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'As slow as molasses' is an old saying that well describes Eastmoreland's Historic District controversy

DAVID F. ASHTON - Will the controversial Eastmoreland Historic District nomination issue finally be decided in 2021? It all depends upon the pace of the state rulemaking process, officials say. Neighbors who held out little hope that the controversial Eastmoreland Historic District nomination would be approved or denied in the year 2020 were not surprised to find the process dragging on as Christmas approached.

It's just possible that some sort of final answer may come in 2021, THE BEE has learned.

To recap the story for those who came in late: On May 26, 2016, the staff of the Oregon State Historic Preservation Office (SHPO), a division of the Oregon Parks and Recreation Department, attended a public meeting arranged by the Eastmoreland Neighborhood Association to answer questions about the process of potentially naming part of the neighborhood an Historic District.

The subsequent application stalled in July of 2017, when the National Parks Service's National Register staff returned the nomination for "procedural errors". There followed some court-mediated wrangling over a handful of residents transferring ownership of their properties to thousands of new "trusts", which were each individually voted by all the trusts against the proposed Historic District. That continued to bog the process down in 2018.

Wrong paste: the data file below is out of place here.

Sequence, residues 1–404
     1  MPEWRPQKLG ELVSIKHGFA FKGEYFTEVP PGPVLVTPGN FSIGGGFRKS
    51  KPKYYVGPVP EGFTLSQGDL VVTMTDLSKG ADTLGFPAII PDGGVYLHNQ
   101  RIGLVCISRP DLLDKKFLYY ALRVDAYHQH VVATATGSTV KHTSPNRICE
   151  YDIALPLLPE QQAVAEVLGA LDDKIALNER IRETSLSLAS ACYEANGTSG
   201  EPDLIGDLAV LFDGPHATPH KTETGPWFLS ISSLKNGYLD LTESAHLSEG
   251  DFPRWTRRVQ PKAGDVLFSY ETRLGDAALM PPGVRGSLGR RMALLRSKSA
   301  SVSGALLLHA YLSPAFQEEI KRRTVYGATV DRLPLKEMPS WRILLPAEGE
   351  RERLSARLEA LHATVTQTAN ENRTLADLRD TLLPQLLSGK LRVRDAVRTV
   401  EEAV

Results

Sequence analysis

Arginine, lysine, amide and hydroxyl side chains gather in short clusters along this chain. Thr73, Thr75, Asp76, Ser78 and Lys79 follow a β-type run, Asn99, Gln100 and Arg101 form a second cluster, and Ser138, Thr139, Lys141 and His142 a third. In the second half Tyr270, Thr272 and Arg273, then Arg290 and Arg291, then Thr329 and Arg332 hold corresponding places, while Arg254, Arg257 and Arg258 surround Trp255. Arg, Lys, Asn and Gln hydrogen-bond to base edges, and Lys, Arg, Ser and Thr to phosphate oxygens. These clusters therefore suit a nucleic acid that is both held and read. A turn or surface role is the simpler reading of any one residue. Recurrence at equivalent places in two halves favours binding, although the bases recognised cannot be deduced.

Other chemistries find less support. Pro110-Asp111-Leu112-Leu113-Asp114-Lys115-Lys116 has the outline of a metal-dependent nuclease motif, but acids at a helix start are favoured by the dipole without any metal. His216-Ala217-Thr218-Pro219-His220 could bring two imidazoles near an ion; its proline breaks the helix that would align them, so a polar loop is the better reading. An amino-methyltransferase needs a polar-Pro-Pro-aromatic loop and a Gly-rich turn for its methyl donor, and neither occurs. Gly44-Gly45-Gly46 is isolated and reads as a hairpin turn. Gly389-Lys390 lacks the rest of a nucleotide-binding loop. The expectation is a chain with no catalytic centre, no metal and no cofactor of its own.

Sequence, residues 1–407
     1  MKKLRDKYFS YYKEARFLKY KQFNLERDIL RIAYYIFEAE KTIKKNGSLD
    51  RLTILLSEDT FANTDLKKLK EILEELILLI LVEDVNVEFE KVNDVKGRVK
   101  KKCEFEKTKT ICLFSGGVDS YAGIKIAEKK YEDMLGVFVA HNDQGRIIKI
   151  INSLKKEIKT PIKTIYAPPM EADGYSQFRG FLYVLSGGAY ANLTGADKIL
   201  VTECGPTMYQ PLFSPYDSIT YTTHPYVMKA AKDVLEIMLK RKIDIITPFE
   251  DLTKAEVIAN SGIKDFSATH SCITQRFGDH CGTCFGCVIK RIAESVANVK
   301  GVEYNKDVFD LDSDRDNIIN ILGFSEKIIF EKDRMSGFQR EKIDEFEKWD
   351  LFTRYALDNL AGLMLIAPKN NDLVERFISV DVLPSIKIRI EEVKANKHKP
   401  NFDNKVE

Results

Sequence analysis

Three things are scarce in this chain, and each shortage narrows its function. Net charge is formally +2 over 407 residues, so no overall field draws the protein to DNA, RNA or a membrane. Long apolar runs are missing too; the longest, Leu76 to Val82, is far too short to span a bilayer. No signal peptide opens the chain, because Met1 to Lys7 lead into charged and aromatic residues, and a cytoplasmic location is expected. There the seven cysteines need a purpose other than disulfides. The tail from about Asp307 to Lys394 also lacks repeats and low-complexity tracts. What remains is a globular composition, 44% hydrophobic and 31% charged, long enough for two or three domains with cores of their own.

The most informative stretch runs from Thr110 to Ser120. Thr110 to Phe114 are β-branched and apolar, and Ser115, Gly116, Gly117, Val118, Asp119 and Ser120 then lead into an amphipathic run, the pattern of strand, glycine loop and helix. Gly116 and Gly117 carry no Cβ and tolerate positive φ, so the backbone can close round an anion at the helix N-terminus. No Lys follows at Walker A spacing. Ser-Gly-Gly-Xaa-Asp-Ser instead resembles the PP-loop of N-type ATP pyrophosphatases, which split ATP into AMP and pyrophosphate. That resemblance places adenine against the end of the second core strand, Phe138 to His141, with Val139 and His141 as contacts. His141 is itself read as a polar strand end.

After the fractured properties and their thousands of votes were disallowed in court, the State Historic Preservation Office shipped the nomination for the proposed Eastmoreland Historic District to the National Park Service for a final decision in May of 2019; but the agency rejected it again, citing "continuing uncertainties" related to counting owners' votes, pro and con, within the proposed district boundaries.

The advent of the COVID-19 coronavirus pandemic further slowed the process of the state's rulemaking in 2020.

In late November, THE BEE asked Chris Havel, Associate Director of Communications for the Oregon Parks and Recreation Department, for an update.

"The Eastmoreland nomination has not received any additional staff review since being returned the last time from the National Park Service, and no additional work on the nomination is currently scheduled," Havel responded.

"But at the request of the proponent [the Eastmoreland Neighborhood Association], the SHPO intends to resubmit the nomination document to the National Park Service after the state rules, related to the way the federal program is managed in Oregon, are amended."

Those amendments could be adopted as soon as this February, or perhaps in April, he said. "If they are adopted, we'll know more about roughly when the nomination would be re-submitted to the National Park Service," Havel advised.

THE BEE will continue to follow this story.


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